Media conglomerate 21st Century Fox has removed Fox News and Fox Business from the programming guides of over 14 million Dish Network (NASDAQ: DISH) subscribers.
In a statement released Saturday night, Warren Schlichting, Dish senior VP of programming lamented, "It's like we're about to close on a house and the realtor is trying to make us buy a new car, as well. Fox blacked out two of its news channels, using them as leverage to triple rates on sports and entertainment channels that are not in this contract."
Dish CEO Joseph Clayton posted a video explaining the blackout to subscribers. View it here. (Source: DishStandsForYou.com)
"Dish has had a productive relationship with Fox for many years," added Schlichting. "We regret the service disruption to our customers, and remain committed to reaching an agreement that promptly returns this content to Dish's programming lineup."
"We care deeply about our viewers and hope that they will regain access to the number one cable news channel soon," Tim Carry, executive VP of distribution for Fox News Channel, responded to Variety. "We will continue to work around the clock to reach an agreement with Dish, as we have done with every other pay-TV provider for 18 years. This is the third time in as many months that Dish customers have suffered through a blackout due to Dish's intransigence."
Of all the carriage and retransmission sturm und drang Dish has recently endured--or perhaps generated--that an impasse with Fox should come to blackout seems almost surprising.
Dish Chairman Charlie Ergen spent much of his infamous "when we walk away, we're prepared to walk away forever" screed during his company's third quarter earnings report taking down Turner. He was especially hard on Turner's CNN channel, which Dish had removed from its service just days earlier. But in broaching that topic, he seemed to be marginalizing all of cable news, not just CNN.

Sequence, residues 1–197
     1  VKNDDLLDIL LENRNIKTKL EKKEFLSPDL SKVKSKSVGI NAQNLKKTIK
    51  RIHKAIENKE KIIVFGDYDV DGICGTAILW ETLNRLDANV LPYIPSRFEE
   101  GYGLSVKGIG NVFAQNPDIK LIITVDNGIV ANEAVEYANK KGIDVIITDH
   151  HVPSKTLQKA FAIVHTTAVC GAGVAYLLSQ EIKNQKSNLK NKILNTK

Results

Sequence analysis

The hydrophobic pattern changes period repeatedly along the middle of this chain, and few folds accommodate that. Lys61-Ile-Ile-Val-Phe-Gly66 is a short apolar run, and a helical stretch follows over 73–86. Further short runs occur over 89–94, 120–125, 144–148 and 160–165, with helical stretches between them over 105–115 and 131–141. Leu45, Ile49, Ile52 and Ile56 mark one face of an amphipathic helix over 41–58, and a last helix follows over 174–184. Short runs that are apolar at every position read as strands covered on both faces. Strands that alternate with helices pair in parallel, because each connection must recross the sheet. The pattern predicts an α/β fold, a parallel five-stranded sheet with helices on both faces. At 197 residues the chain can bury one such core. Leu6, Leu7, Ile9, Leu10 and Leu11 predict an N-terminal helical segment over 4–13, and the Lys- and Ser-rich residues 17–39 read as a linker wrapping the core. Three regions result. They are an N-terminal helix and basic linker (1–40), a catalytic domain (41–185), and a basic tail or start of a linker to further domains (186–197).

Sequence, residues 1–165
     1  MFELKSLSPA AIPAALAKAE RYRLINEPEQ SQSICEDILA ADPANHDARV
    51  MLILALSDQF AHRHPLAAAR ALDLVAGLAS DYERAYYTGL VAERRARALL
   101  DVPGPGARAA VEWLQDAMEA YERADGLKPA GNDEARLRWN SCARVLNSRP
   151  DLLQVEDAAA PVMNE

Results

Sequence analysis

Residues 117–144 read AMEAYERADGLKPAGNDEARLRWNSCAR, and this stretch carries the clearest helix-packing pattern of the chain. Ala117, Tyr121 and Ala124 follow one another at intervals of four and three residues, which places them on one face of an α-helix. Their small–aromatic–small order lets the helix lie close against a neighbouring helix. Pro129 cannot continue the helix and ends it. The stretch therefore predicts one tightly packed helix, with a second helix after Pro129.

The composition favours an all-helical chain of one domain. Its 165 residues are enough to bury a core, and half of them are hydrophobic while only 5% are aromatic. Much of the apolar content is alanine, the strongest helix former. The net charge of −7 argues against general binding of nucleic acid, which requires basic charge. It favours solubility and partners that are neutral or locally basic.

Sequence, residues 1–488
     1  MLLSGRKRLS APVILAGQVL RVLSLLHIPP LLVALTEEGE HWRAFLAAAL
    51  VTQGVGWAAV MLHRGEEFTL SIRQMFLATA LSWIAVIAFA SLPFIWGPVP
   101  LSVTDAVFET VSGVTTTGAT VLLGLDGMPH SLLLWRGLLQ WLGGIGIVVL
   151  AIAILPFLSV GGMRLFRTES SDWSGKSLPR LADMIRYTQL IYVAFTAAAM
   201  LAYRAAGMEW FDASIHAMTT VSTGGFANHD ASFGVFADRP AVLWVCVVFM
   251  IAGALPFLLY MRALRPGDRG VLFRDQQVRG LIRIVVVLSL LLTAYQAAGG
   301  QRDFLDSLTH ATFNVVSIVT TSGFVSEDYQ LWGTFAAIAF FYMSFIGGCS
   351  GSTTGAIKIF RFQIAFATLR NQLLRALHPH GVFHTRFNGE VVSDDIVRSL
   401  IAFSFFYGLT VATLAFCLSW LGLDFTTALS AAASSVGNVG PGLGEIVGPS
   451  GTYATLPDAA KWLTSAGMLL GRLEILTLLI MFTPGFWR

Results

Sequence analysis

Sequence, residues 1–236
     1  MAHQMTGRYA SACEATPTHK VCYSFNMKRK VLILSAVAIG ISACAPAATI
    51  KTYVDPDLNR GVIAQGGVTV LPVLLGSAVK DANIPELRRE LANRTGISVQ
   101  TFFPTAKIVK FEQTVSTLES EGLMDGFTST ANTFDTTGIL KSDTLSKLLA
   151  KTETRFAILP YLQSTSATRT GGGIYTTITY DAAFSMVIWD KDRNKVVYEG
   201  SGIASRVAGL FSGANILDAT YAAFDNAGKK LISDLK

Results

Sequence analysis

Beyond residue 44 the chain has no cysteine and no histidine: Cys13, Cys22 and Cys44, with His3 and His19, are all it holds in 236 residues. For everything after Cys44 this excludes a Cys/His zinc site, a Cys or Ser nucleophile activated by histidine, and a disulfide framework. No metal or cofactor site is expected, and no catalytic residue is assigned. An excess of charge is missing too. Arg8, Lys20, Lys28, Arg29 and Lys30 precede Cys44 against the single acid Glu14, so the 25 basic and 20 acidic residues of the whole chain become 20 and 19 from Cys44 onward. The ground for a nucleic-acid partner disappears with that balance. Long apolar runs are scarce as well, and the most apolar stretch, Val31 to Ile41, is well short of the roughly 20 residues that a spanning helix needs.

"In fact, a lot of people get news from ... not TV anymore. They get it from their devices," he told investors.
CNN is back on the Dish guide, and the satellite company is progressing on a long-term overall deal with Turner. And earlier on Saturday, Dish finalized a multi-year agreement with Comcast (NASDAQ: CMCSA) for four regional sports networks.
So after Ergen made pointed remarks to investors in October, telling them to get ready for a future in which a pay-TV operator like Dish doesn't necessary carry every big network, it comes down to a battle with Fox News.
Was Ergen serious about digging his heels in on a big network? And if so, is Fox News--a currently hot but older-skewing channel steeped in linear distribution--that network?
For his part, Fox chief Rupert Murdoch downplayed the risk of a Dish battle to his investors during his Q3 call time, telling them, "There is no way" Ergen would challenge the cable news leader.
Certainly, the ratings reports for Fox News have been very strong recently, particularly during the election season, when the platform further extended its ratings dominance over CNN and MSNBC.
In fact, for certain prime-time performances in late-October and early November, the channel not only beat every broadcast news division, it also surpassed ESPN. However, it's hard to tell if the dominance being reported is really a reflection of Fox News' growth, or just weakening of other networks.
Is Fox News' recent momentum merely a blip? As recently as late May, all of the network's prime-time series were down year-over-year, with the network's overall audience performance declining 27 percent in total viewers.
So was Ergen's Q3 barrage really a subtle message to Fox and not a hammer-to-the-head for Turner, which claimed to be utterly baffled by the outburst?
If Ergen really believes distribution through IP devices is the future of news, CNN seems like an unlikely target for criticism. Certainly in the realm of linear television, the Atlanta-based CNN has had its lunch steadily fed to it by Fox News in recent years. But when it comes to mobile and social distribution, CNN is far and away the leader in cable news.
In any event, while Ergen was referring to CNN, his comments might of just as well have been directed to any of the other programmers Dish was haggling--or getting ready to haggle--with.
"Yes, we'd lose some customers, but we'd save a big, big, big check from a cash flow perspective," Ergen said.
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